The only size reference is the quarter hickory nut husk, but the fire thang is not very big. Some folks are of the notion that a bow for bow & spindle fire making must be big. In use, a size larger than this might be more comfortable, but if necessary this bow will turn the spindle sufficiently to make an ember; when my hand drill techniques get down to making fire, the most intense friction happens while making strokes using only about half my palms. This bow will easily match that.
The waxed bow string is adjustable via the hole in the bottom of the antler and wrapped to firmly secure it. The ball of beeswax attached to the excess string provides a way to add more grip to the string while spinning the spindle. As with my other rigid bow designs, the thumb and fingers allow further tautness manipulation while in use–simple by squeezing.
The hickory nut husk can be used as the top spindle socket–even when attached to the antler bow–as can the small piece of chert when struck with the attached striker. This small flint is diamond bit drilled to always provide a ready flint, but a larger flint would conserve this little one when available.
Flint was traditionally sharpened (knapped) by primitive users with the end of an antler point. This is how flint arrow heads were shaped. And how fire flint is sharpened. These two antler points work well for this. The rougher base end of the antler has sharper protrusion that lends itself to gouging the beginnings of a hole in the hearth. The piece of saw blade is held in place by a combination of position while striking and beeswax. The blade can easily be removed and used for the same purpose as well as sawing a notch into the hearth hole. It can also be used to blunt a hand drill spindle end and scrape it smooth to ease wear on the hands. The blade is easily replaced and secured back with the bees wax.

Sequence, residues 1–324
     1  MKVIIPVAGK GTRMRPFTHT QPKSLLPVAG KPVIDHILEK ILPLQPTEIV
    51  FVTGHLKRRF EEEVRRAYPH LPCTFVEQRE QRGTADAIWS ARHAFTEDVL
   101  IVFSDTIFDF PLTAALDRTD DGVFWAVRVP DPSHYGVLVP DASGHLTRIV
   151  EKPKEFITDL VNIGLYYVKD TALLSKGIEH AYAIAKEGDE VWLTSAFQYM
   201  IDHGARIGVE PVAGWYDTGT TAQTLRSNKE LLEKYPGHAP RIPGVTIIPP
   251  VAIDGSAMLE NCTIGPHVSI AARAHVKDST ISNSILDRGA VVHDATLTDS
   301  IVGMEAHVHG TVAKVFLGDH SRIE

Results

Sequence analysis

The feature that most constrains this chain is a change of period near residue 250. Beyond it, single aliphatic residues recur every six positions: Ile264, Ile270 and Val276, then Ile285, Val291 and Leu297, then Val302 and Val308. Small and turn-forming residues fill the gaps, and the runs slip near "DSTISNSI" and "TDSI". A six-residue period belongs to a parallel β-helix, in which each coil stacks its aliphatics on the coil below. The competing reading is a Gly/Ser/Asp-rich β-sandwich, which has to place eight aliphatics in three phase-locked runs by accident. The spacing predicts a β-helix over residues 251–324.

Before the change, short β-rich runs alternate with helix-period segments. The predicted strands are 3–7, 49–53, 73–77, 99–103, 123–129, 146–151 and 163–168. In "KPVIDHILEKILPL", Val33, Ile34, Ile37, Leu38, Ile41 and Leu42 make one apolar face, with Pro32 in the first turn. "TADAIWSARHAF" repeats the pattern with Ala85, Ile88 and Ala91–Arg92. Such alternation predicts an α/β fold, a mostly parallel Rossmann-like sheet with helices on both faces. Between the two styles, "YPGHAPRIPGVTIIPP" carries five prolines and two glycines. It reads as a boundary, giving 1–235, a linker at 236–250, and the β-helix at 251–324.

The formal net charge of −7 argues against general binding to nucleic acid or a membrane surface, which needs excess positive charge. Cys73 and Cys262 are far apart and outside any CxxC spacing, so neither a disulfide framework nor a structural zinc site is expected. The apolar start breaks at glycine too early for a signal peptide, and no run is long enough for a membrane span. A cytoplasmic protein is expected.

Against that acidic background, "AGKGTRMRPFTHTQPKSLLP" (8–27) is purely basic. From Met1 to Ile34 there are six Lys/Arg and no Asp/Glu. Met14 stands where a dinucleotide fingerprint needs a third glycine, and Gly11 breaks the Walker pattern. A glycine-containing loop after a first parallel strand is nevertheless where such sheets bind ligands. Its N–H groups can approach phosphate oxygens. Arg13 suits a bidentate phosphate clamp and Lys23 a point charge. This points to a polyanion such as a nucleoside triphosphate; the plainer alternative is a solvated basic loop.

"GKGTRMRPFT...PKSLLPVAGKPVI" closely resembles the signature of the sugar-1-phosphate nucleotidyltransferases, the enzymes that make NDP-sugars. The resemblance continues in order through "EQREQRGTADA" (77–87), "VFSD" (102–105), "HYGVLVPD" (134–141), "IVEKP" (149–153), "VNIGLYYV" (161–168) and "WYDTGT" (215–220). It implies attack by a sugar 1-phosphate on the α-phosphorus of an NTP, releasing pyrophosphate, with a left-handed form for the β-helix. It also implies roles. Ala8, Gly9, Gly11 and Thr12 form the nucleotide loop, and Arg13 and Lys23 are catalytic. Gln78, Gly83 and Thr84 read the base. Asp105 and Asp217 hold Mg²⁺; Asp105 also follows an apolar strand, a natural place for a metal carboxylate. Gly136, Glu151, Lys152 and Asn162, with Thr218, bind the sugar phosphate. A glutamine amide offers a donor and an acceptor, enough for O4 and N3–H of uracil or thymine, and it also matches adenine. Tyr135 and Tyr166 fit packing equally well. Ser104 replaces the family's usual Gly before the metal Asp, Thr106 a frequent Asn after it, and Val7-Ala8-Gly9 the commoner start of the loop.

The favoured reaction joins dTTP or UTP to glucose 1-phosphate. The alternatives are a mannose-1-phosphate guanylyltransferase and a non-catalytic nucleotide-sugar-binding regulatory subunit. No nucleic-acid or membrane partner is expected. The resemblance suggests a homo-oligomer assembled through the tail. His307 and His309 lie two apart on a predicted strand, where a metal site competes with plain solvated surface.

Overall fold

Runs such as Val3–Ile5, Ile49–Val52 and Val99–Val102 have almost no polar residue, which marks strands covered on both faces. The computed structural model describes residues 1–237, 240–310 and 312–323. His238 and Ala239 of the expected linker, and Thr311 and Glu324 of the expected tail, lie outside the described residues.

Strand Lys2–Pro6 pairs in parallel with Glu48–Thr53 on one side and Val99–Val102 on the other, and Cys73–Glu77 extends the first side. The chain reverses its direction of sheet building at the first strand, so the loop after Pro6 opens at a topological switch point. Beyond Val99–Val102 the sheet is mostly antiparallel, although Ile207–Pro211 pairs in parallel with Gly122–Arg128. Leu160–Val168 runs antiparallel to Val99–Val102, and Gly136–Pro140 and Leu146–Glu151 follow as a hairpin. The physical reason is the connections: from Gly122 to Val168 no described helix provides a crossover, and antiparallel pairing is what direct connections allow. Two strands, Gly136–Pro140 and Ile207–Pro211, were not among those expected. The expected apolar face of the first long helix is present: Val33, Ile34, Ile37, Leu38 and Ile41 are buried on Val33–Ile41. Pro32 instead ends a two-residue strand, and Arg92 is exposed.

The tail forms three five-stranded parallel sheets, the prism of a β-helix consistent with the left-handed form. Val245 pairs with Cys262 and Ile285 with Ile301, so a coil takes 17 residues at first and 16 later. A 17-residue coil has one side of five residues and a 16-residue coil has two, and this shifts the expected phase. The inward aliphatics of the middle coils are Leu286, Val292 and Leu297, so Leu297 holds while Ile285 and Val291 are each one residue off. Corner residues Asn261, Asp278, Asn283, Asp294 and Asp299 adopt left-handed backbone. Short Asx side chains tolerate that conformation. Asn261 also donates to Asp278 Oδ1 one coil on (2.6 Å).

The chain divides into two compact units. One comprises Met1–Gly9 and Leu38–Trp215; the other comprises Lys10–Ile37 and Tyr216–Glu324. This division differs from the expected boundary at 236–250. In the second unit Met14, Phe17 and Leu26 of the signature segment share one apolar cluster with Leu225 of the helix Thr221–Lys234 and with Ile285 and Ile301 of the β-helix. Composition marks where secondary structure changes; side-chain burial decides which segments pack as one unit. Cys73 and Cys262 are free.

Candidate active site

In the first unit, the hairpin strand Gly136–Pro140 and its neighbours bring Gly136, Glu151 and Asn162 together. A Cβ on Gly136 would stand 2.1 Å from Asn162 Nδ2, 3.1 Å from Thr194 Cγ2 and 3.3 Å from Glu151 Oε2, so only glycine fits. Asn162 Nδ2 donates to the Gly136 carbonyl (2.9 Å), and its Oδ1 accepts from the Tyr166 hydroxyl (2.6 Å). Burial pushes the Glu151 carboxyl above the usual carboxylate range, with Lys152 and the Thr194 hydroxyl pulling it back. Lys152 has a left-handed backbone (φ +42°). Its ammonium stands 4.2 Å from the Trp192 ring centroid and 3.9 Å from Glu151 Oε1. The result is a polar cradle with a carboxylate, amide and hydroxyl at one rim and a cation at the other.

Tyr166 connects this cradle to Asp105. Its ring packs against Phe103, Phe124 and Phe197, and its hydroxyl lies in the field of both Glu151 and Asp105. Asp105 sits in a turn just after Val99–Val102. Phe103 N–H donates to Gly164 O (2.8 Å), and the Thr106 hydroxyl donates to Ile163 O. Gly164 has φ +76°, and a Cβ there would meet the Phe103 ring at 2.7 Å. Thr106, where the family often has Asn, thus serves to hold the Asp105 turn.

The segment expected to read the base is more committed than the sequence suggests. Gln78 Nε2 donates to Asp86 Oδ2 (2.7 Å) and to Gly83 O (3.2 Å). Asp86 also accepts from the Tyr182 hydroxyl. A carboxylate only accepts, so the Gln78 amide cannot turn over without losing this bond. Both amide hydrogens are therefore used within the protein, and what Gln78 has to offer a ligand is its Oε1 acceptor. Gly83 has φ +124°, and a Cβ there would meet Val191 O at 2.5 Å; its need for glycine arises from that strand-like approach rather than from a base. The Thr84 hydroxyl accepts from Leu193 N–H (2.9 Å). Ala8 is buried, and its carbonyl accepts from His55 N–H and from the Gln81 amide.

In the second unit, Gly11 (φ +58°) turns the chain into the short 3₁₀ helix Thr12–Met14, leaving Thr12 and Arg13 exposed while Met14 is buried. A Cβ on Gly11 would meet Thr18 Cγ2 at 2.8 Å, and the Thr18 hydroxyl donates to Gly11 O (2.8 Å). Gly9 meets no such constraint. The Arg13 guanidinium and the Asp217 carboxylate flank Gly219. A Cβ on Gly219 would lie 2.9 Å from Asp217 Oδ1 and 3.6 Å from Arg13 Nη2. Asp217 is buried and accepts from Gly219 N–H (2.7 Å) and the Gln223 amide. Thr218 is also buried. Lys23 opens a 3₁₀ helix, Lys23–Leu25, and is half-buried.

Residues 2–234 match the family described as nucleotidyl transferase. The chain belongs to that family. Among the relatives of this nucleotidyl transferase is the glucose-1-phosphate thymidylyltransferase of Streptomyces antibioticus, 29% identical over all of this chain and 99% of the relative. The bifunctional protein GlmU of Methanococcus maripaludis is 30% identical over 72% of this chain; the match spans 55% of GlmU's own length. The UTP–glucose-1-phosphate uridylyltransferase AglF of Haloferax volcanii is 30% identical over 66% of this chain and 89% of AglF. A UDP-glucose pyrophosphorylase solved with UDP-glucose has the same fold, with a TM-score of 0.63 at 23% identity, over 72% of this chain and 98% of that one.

Secured within a slot in one side of the antler using beeswax, a piece of hacksaw blade, teeth side inward, makes an excellent flint striker. The knuckles are protected by the antler when held by the opposite side prong.
The antler piece has other features. At a balanced place on the opposite side, just below the prongs. a hole has been drilled to use as another low-friction spindle socket when using any other bow and spindle. Bows are easy to come by, but a good socket is often the weak part of the set. Using wooden sockets, I have set them on fire sometimes before I got an ember in the fire board hearth. So, if a bigger bow is desired, this makes an ideal socket.
FYI, the spindle shown here is a cattail reed–not my favorite, but they work. The shelf fungus–if very dry–can make an ember without the use of a notch that will just keep on burning. Pretty cool when you can find them dry enough.
I am still adding features. Ridiculous I know, but just for grins, I may add a clear marble or other small magnifier for solar fire starting. And yes, I have begun a hole in the bottom of the antler to fit a matching plunder–with the intention of creating a fire piston. Maybe I can tap and drill a detachable compartment in the extra antler prong to stow Char Cloth and Fire Piston lube.
I gotta stop this.